Miss Garnet's Angel

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HarperCollins, 2000 - Angels - 342 pages
After the death of her longtime friend and flatmate, retired British history teacher Julia Garnet does something completely out of character: She takes a six-month rental on a modest appartamentoin Venice. An atheist, a Communist, and a virgin, Julia finds herself falling beneath the seductive spell of the city's intoxicating beauty and sensual religiosity. She befriends a young Italian boy and English twins who are restoring a fourteenth-century chapel. And she falls in love for the first time in her life with an art dealer named Carlo. Juxtaposing Julia's journey of self-discovery with the apocryphal tale of Tobias and the Archangel Raphael, Miss Garnet's Angeltells a lyrical, incandescent story of love, loss, miracles, and redemption . . . and of one woman's transformation and epiphany. Already a bestseller in England, it is "novel-writing at its finest and most eloquent . . . splendid . . . the sort of book that effortlessly, like angels, or sunlight on Venice's rippling waterways, casts brightness and beauty into those private and most shadowed recesses of the human heart" (The Christian Science Monitor). "Vickers has taken myth, religion, and secular humanism, and turned them into substantial life-affirming fiction." (The Philadelphia Inquirer) "A refreshing, gentle story." (Anita Brookner)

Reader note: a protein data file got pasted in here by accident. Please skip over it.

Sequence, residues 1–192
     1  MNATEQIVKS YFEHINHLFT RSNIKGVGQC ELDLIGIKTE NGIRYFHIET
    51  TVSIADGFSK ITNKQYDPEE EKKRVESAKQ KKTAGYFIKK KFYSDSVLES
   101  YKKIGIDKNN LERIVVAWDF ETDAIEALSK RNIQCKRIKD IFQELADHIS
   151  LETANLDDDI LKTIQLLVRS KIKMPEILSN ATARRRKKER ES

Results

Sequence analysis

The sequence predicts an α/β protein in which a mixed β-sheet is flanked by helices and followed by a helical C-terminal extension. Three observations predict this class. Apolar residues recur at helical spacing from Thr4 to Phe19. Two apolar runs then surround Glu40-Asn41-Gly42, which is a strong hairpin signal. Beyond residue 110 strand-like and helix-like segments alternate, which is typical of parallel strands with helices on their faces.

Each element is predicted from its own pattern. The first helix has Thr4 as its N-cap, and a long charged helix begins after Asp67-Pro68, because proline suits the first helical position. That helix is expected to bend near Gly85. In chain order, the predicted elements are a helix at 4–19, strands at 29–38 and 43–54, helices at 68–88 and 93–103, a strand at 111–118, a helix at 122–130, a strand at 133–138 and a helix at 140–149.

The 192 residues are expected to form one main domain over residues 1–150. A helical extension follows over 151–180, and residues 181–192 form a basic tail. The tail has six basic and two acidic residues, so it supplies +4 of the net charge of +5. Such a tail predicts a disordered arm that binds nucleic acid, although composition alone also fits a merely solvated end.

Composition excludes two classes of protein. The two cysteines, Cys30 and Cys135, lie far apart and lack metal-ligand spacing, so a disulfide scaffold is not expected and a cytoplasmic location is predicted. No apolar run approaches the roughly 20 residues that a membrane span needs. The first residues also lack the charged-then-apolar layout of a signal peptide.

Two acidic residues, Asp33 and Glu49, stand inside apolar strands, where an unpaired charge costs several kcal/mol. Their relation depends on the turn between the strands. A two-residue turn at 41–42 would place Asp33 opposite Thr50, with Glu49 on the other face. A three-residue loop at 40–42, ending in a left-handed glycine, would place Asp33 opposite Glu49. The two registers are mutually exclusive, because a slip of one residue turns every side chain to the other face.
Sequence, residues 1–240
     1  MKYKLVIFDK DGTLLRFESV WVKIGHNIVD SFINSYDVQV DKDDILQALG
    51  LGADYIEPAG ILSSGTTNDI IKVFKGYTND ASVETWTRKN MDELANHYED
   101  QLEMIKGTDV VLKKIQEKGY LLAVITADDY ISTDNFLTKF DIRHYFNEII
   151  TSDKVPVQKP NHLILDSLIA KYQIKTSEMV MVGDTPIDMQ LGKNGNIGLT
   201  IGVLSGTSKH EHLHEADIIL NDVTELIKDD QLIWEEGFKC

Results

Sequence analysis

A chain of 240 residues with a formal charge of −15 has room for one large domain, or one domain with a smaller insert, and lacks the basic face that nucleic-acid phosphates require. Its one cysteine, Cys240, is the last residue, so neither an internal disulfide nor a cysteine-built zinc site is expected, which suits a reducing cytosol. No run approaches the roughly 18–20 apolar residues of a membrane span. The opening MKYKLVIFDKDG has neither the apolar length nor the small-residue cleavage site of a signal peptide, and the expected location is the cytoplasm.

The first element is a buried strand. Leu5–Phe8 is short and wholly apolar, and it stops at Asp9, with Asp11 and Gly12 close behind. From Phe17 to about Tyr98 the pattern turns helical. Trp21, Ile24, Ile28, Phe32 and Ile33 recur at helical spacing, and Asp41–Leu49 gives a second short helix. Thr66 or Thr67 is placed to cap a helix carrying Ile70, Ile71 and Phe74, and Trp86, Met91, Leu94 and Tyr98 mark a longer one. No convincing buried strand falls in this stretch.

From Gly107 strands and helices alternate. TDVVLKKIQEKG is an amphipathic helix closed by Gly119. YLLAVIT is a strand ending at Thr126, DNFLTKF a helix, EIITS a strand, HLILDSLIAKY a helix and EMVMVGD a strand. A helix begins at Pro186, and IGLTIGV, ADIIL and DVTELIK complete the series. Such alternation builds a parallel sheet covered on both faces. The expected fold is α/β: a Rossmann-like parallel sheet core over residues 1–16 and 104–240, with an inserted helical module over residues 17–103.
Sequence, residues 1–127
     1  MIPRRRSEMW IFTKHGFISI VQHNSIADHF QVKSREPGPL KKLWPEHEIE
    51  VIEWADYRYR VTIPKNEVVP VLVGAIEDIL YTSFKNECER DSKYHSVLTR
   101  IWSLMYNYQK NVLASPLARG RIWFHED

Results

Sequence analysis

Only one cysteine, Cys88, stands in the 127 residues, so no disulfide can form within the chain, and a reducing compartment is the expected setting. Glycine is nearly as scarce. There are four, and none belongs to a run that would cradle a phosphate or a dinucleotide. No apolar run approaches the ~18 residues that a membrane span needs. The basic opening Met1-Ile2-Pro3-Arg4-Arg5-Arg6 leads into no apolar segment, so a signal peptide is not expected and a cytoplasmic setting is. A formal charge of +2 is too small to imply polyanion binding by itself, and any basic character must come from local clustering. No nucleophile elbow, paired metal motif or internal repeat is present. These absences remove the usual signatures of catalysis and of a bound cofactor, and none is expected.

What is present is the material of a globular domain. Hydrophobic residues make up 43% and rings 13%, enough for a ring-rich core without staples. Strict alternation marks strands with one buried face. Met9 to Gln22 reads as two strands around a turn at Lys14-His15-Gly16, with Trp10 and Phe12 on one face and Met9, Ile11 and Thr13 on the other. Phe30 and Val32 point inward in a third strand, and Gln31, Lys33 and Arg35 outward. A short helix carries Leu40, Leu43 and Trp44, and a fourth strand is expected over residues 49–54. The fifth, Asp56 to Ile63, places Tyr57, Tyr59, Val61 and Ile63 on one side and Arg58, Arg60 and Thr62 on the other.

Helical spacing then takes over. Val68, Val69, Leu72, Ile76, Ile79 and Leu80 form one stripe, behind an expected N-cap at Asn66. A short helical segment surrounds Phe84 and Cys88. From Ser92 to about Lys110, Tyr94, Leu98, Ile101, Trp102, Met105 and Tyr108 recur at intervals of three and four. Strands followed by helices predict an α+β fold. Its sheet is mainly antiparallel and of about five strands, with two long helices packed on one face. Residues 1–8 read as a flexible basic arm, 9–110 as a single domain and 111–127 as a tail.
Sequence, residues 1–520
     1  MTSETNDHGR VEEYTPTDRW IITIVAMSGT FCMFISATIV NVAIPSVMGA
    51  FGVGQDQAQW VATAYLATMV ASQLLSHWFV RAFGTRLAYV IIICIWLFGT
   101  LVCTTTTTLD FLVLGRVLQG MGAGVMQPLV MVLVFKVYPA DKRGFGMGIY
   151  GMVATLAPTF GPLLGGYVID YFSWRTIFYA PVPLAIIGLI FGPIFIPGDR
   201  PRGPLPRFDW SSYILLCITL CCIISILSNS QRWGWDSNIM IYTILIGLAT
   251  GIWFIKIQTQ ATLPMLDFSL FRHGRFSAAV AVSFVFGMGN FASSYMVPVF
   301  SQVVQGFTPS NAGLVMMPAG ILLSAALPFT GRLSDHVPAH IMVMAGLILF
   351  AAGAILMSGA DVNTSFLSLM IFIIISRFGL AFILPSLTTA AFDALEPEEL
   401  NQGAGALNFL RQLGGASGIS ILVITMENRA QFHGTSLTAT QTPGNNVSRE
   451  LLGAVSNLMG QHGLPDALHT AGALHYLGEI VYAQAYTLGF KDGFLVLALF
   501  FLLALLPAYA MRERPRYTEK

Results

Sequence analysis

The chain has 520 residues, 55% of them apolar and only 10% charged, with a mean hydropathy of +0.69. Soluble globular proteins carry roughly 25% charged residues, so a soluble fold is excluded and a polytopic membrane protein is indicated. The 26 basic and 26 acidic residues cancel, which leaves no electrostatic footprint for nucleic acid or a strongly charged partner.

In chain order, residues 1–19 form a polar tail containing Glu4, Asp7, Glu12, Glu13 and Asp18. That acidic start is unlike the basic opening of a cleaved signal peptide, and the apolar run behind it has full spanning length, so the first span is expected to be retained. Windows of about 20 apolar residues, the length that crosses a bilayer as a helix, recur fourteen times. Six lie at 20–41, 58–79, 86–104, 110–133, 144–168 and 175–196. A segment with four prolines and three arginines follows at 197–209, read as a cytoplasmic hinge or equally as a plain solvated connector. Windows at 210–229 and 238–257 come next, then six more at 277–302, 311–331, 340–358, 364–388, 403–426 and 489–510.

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LibraryThing Review

User Review  - Erratic_Charmer - LibraryThing

Purchased on a whim at Richard Booth's Bookshop in Hay-on-Wye, and very glad I did! After the death of her friend and flatmate Harriet, Julia Garnet, a middle-aged atheist Communist virgin, decides to ... Read full review

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User Review  - ElaineRuss - LibraryThing

This novel began very promisingly. It was charming and interesting and while that remains throughout the novel I found myself drifting away from it a little. About halfway through the book, it seemed ... Read full review

Contents

Section 1
46
Section 2
75
Section 3
100
Copyright

14 other sections not shown

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About the author (2000)

Salley Vickers divides her time between London and Venice. Previously a university lecturer in English, when not writing she practices as a psychologist and still lectures widely on the connections between literature, psychology and religion.

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